Overview of the activity
This is a powerful activity that can be used to explore career, personal development and biography. It takes many people into a zone of discomfort, a topic that they may not want to explore, so should be taken with this activity. We should be sensitive in choosing it and also throughout the activity itself.
How it works
In the Graveyard Activity, you imagine yourself at the end of your life. Participants are invited to take a large piece of flip chart size paper and to star the shape of a large gravestone onto it.
You could also have templates made or sketch the outlines in pencil for people to trace over with a thick pen. This can be worthwhile if people aren’t comfortable drawing.
Invite participants to then imagine their deaths. Yes, I’m serious. Some people have thought about their mortality and the reality that we do not live forever. Others have not, which is why you have to be sure people are up for doing this.
Take a few minutes. Some questions you could ask people to think about and visualise are
How long do you hope to live for?
Who will be at your funeral?
Where will you be buried or cremated?
What do you want to have achieved by the time you die?
What kind of live have you lived – what were the highs and lows?
What do other people think of you?
How do you want to be remembered?
Then ask people to write a short epitaph on their drawn gravestone that they genuinely would like to be written on their grave when they die. This isn’t a literal exercise. On their real gravestone they might just want dates and family members. This is more about capturing the essence of their life in a single statement.
Here are a few positive examples…
Once we have drawn the grave stones, we fill them in as above. These can then be discussed in pairs or small groups. It can also be good to just behold them alone for a few minutes. It can get quite emotional. The activity can be a real wake-up call for some people who realise that their current life path is not heading to the point describe on the grave stone.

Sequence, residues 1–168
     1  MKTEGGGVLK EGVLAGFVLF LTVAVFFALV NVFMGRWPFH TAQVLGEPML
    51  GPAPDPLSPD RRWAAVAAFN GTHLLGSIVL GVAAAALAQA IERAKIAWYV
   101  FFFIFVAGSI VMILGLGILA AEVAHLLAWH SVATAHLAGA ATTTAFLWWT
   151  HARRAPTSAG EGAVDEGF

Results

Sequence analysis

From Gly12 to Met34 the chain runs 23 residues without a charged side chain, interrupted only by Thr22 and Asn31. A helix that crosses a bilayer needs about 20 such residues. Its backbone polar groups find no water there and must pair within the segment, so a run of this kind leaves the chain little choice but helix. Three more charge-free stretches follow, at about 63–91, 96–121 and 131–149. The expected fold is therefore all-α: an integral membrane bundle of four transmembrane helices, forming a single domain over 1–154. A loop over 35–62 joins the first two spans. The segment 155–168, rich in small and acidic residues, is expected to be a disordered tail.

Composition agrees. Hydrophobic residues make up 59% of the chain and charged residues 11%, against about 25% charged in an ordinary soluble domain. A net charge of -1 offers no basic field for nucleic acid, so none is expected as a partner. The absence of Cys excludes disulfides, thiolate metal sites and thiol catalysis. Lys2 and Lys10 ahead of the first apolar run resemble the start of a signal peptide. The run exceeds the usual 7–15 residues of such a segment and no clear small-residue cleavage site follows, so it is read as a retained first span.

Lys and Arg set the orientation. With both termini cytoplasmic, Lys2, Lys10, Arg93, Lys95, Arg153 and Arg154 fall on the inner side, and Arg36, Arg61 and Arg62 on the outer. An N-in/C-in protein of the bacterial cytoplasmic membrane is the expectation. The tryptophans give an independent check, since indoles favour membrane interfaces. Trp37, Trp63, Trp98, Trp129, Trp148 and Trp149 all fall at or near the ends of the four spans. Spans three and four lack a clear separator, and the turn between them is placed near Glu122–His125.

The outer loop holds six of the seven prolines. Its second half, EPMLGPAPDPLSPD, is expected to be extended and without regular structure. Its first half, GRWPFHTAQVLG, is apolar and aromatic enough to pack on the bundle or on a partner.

We can also share this in plenary. The facilitator should keep things gentle ,light and respectful.
An Applied Improvisation Variation on this Activity
In some groups we can go further. Invite participants to stick their gravestones at real grave height on ther back of a chair. We can then create a graveyard in the room.
We stand around the grave of that person. They can even lie down or they could also play the part of someone giving a eulogy. They read out their own grave stone to the group and improvise the eulogy.
“Paul died after a short illness. Though he didn’t make a fortune, hhe finally got to publish a children’s novel and also realised his dream of retiring to the North of Scotland. He was loved by his family and friends and loved to tell stories to his grand children. He loved his job and never allowed work to dominate his life. he died with a broad smile on his face…”
It can get humorous but very emotional. Be ready for plenty of time for debrief. Don’t do the exercise if you think people aren’t ready or up for it.
Taking the activity further – the dark side
We can take this activity further by imagining a worst-case scenario. What would we not want to have as our epitaph? What would constitute a life badly lived for us? For example…
Take plenty of time to debrief, possibly in pairs or smaller groups. We could start with the negative picture, discuss it and then imagine a positive one, looking for changes in our lives that we need to make to turn the darker picture into a lighter one. Here we can turn the activity into a coaching-type discussion.
Debriefing the whole activity
There are plenty of questions to help debrief and reflection on this activity
What have you learned about your life now and in the future?
How did the activity make you feel?
What are your feelings about death?
is it ever too late to change our lives?
What did you notice about your gravestone compared to other peoples’?
What changes, if any, do you want or need to make in your life?
Another version of this exercise is to create 140 character Tweets. Imagine the day of your death. What would you like people to be tweeting about you?
These cab be written up on a flip chart, or read aloud.
We could also do this as an improvised activity.
We can also imagine different people on the day of our death and imagine what they would tweet about us? Family members, friends, work colleagues?
Visit the Applied Improvisation Zone